Interview with Hana HarencarovaPosted

We sat down with Hana Harencarova, founder of Moms learn to code to talk about her life, motherhood & passion. 

brandbuch:  How did you become a web developer/programmer? 

Hana: My programming and web development path actually started when I was doing my PhD in psychology and I needed to learn R (a statistical programming language) to analyze data. I became more and more intrigued and decided to learn how to code in the following years. This played well with my recent life changes. 

I fully moved to Zürich in 2015 and two years later my first daughter was born. This was a great time to switch careers and start my freelance web developer business. I’m constantly learning new skills, so it is a never ending process. Regarding the process of learning, I used all available means to make it effective and fast. I combined different learning methods like on-line and in-person courses, books, podcasts, mentoring, working on my own projects and teaching skills I already mastered. Especially the last two ones really accelerated my learning curve. 

Was it challenging for a woman to study programming? 

Hana: To be honest, I was very lucky with the community and people around me. The most challenging thing for me was, and still is,  bringing together all the roles I currently have: being a mother, work and study at the same time. My husband is very flexible so we share all the responsibilities, which makes it possible for me to focus also on working and studying. I joined the ‘Ruby Monstas’ initiative where I learned Ruby. It’s a free program for women teaching basic programming skills in Ruby with a great bunch of dedicated coaches. I continued my own path afterwards learning Ruby on Rails and I currently coach at Ruby Monstas too. I think now it’s really a great time for women to dive into programming as there are a lot of materials available,  initiatives supporting women who want to enter the tech industry and plenty of motivated mentors. So, for me, the biggest challenge was balancing all my responsibilities and goals. 

What did you do before founding “Moms learn to code”? 

Hana: My biggest focus in recent years was twofold. First one was creating easy to navigate and actionable websites for my clients and  help them to emphasise the value they bring to their clients under my ‘Sei Online’ label. The second one was teaching people to fly, as we run a paragliding school with my husband. After the birth of my daughter I decided to focus more on the website business as it gives me more flexibility and it’s very varied. My background in psychology helps me in all these fields. My understanding of how people make decisions and how they learn, makes it possible for me to create materials promoting fast learning and also structure the content in a clear, motivational and actionable way.  

Why did you create this initiative? How did you come up with the idea?

Hana: When I became a mother I was looking for things I could do and skills I could learn with the baby. There were many baby related courses but almost none focusing on adults with babies. I wanted to learn and do something for me, but not having to give my child away. As we don’t have family here, it’s more tricky to arrange the time without the kids.

I really believe this time when the baby is still small is a great opportunity to also do something for yourself. You can rethink your life, decide what are your priorities and learn new skills or even totally change your career path.

It’s a shame that the offer of courses for parents with little children is almost non-existing. So, two years later, I decided to change that and started ‘Moms learn to code’. Being a web developer I was also missing direct contact with others. I always enjoyed teaching during my PhD years at the university, at our paragliding school and at the Ruby Monstas. So creating courses focused on mothers with young kids was a very logical step for me as it connected many things I loved: programming, teaching and supporting women.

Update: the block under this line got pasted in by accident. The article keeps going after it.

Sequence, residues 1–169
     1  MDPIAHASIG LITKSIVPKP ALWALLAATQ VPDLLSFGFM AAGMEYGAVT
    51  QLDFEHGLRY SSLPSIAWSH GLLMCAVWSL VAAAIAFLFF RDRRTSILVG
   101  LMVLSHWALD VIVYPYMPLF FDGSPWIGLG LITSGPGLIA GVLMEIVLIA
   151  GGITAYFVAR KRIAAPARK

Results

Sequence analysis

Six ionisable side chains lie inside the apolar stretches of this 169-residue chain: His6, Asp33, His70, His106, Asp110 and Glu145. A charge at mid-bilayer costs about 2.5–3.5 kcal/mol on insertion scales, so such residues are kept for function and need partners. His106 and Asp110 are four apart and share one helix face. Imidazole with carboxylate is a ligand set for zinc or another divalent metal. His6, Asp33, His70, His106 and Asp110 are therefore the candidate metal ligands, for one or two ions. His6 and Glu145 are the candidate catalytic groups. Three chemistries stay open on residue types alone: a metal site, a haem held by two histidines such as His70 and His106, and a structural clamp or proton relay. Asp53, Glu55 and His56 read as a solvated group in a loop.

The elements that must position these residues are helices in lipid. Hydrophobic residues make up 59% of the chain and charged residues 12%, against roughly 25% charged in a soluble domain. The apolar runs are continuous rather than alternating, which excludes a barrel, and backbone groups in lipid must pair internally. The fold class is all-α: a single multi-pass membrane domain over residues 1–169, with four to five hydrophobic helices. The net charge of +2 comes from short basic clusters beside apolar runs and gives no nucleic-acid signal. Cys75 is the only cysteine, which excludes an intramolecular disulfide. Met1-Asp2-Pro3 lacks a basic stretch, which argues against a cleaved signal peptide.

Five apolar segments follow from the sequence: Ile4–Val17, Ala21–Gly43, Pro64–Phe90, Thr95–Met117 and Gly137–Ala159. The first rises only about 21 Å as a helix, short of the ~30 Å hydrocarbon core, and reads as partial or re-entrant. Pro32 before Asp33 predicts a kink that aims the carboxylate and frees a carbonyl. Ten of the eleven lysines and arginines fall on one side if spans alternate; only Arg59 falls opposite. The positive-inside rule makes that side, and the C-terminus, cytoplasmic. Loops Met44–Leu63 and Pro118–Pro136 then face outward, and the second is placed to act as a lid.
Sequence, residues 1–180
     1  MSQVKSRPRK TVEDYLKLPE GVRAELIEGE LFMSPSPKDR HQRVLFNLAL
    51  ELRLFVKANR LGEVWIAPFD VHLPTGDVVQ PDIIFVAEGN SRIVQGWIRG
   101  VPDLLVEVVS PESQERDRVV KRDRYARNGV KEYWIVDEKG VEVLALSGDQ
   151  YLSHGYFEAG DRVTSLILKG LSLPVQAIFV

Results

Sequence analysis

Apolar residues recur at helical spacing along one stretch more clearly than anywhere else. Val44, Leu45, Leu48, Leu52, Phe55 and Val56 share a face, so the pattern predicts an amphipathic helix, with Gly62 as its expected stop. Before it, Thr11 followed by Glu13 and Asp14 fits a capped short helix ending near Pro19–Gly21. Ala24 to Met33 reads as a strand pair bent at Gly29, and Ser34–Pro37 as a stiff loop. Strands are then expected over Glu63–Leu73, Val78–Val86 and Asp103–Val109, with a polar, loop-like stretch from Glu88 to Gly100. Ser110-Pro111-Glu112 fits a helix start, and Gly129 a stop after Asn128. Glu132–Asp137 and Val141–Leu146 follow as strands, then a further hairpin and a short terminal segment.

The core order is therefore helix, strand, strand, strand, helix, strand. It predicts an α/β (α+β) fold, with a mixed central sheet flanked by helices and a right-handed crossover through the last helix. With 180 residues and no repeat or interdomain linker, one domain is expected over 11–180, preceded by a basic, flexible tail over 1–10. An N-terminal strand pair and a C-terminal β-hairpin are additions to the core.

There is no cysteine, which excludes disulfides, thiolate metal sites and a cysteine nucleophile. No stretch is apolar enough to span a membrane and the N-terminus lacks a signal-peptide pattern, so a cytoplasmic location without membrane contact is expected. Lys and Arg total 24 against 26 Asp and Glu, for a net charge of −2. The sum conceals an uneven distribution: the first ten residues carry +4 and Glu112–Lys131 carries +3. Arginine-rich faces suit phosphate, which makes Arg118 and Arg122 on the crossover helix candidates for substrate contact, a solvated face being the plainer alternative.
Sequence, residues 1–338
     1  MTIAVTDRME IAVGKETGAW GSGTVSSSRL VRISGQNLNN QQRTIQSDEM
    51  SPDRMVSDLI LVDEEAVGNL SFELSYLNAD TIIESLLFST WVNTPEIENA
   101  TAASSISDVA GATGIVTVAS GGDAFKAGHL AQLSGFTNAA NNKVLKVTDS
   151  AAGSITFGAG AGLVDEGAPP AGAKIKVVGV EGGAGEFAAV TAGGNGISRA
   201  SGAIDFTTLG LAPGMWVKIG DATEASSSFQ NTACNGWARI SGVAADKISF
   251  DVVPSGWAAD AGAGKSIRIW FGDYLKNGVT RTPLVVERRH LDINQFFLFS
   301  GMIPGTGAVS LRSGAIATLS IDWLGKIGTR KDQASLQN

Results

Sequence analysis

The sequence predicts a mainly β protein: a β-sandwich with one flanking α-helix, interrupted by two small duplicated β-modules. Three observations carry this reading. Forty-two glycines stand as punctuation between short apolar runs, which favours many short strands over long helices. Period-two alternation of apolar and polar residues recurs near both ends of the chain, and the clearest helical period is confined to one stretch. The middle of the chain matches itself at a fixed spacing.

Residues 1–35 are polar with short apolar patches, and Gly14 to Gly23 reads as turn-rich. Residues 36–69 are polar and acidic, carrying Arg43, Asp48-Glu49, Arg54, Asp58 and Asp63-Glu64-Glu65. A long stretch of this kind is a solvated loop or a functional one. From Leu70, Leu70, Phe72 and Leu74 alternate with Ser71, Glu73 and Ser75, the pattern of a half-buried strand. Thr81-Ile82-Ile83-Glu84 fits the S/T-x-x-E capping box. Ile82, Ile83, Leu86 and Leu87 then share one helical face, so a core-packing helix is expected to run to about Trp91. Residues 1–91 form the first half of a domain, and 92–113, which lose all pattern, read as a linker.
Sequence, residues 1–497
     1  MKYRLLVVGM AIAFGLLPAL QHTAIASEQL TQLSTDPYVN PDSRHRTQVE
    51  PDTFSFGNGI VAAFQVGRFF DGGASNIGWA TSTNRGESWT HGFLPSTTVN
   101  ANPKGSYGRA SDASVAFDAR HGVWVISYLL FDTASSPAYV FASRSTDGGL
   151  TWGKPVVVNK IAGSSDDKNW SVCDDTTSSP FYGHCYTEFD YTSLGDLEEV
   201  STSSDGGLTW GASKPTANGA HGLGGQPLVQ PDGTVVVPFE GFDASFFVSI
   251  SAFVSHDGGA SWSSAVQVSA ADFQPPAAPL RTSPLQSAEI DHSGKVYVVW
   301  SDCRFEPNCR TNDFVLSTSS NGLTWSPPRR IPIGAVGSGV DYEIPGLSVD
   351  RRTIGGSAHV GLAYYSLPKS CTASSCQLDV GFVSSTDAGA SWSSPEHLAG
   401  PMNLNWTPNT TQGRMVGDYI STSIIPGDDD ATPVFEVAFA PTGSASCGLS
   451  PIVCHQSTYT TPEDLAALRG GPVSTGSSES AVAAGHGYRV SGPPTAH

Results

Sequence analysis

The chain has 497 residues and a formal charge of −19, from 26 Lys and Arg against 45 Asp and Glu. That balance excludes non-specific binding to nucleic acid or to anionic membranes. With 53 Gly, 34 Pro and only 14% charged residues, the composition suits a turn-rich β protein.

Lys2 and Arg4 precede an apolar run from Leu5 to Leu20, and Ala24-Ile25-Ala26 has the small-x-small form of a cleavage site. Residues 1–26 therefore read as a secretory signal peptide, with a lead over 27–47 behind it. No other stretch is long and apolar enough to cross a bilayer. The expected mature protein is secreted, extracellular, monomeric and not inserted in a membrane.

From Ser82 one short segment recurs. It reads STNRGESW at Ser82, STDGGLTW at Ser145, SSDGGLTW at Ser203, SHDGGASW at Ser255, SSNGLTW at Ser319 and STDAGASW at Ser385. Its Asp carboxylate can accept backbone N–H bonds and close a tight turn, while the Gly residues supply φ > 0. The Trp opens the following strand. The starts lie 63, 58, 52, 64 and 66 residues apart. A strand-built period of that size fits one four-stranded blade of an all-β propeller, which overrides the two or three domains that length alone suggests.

Being a mother is more than 100% a job but it doesn’t mean all women need to feel fulfilled. Most parents I know need some kind of realisation in addition to being mothers and fathers. Creating a welcoming environment where it’s possible to learn with the kids, gives them an opportunity to achieve this fulfilment. 

Why do you think it’s important for moms/ women to learn coding? 

Hana: Well, the short answer is that it’s fun, it’s a very demanded skill, and it proves to themselves and others that they’re able to excel in tech fields. My longer answer is that I don’t think it’s important for all women to learn coding but it brings a lot of benefits. We are all different people, we enjoy various things and thrive in different fields. Women should feel supported and up to the task if they decide to learn coding. Programming is still mostly male dominated and often also regarded as more suitable for men. Bringing in more women means better solutions for everyone. Also, we need more role models for our daughters. The world is more and more digitised and speaking the ‘computer’ language is becoming more and more important if you want to understand today's world. It can help you bring your own ideas to life. 

We need to understand the digital side of the world to stay relevant and be able to influence where our society is heading. 

 How does the course work and what do you do? Women come with their children? 

Hana: I launched ‘Moms learn to code’ in 2019 doing in-person courses. The main distinction was that mothers could bring their babies or kids to the course with them. There was a play corner where the children could play. I didn’t offer childcare as I believe that parents know best and if they want childcare they have the solution that works best for them. The kids often sleep during part of the course and when they are awake they either stay with the mother, or play or eat. It was important to me to create the environment for the mothers which wouldn't force them to choose between caring for the baby or learning. So the participants are always encouraged to be free in fulfilling theirs or their babies needs. The course is also structured accordingly. That means the lecture includes a lot of hands-on examples and participants work on their own projects basically from the first lesson. This makes the course more self-paced and it makes it possible to tailor the learning to the current situation.